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Science
FRONTIERS
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Wednesday 21:00-21:30
Frontiers explores new ideas in science, meeting the researchers who see the world through fresh eyes and challenge existing theories - as well as hearing from their critics. Many such developments create new ethical and moral questions and Frontiers is not afraid to consider these.
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Listen to 10 May
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Wednesday 10 May 2006
Antibiotic tablets

The New Antibiotics

In 1945 the father of antibiotics Alexander Fleming predicted that microbes could become 'educated' to resist penicillin, eventually making antibiotics useless against disease.

Now, with growing fears about the spread of drug-resistant infectious diseases such as MRSA, Fleming is being proved right.

In this episode of Frontiers, Peter Evans hears from scientists looking for new ways to defeat the super-bugs.

The most recent figures suggest that in one year 5000 people died from hospital infections such as MRSA in one year.

In the past, science has fought off this bacterial counter-attack by inventing new anti-microbial compounds and ensuring they are prescribed judiciously. But today, we live in an era when virtually no new antibiotics are in development, and even the strongest ones we have aren't 100% effective against these microbes.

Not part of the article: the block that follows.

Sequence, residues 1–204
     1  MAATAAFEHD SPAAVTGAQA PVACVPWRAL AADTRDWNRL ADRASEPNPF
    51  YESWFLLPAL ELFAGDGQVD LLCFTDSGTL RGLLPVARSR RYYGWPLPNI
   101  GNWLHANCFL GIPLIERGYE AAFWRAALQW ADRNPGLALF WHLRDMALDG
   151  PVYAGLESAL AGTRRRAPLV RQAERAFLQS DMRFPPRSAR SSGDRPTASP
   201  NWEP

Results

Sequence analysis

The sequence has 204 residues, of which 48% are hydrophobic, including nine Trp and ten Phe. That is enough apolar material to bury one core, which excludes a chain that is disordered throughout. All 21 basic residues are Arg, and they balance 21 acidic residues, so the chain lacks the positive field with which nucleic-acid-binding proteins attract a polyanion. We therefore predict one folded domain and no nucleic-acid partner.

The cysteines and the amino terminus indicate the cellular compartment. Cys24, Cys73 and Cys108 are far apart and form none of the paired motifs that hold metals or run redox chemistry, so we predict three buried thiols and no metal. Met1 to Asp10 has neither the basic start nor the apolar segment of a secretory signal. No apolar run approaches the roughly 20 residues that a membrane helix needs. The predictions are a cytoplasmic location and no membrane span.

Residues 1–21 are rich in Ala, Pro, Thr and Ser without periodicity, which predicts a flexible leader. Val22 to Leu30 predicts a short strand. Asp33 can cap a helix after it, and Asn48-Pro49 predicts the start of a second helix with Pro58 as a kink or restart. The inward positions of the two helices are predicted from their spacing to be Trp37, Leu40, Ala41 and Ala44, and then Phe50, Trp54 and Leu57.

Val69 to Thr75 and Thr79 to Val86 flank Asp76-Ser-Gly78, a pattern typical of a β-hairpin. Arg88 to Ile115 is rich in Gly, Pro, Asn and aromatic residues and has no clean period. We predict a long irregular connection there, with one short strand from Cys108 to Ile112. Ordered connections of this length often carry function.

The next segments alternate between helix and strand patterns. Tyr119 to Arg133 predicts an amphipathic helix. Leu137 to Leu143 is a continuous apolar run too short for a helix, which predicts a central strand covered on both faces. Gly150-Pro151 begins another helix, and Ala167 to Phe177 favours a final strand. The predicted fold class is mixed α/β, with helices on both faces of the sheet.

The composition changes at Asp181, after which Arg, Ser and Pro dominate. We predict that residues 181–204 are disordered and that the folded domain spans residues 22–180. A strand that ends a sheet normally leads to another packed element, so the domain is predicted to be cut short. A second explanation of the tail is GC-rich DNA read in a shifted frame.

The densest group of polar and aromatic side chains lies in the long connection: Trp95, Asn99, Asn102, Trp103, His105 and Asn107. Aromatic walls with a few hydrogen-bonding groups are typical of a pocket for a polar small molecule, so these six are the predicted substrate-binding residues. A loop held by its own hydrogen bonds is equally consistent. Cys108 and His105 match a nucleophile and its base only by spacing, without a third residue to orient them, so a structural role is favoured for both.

So is that it? Are we doomed to see the rise of serious infectious diseases for which there are no effective treatments? Not if quorum sensing has anything to do with it.

The most striking feature of many bacteria is the ability of individual bacterium to communicate with one another and reach a "decision". This is known as quorum sensing.

Now scientists are trying to unravel the secrets of quorum sensing in the hope that they can learn how to block the communication between bacteria that drives its ability to cause disease.

However, a new strain of MRSA which first surfaced in the United States is making its way to our shores and not only is it more potent and more resistant to existing antibiotics, it's acquired not in hospitals but within the community. More worryingly, otherwise healthy young athletes are as susceptible to infection as the sick and vulnerable.

Doctors at the University of California have discovered that this bacteria, known as USA 300, has evolved over time, importing genes from elsewhere and becoming much more virulent. By sequencing the genes, scientists hope to develop an anti-bacterial drug to fight it.

However, treatments based on gene sequencing and quorum sensing are some way in the future. While campaigns to make hospitals cleaner are showing some results, some doctors feel that a more intensive effort is needed now to develop powerful new drugs to beat MRSA and its successors.
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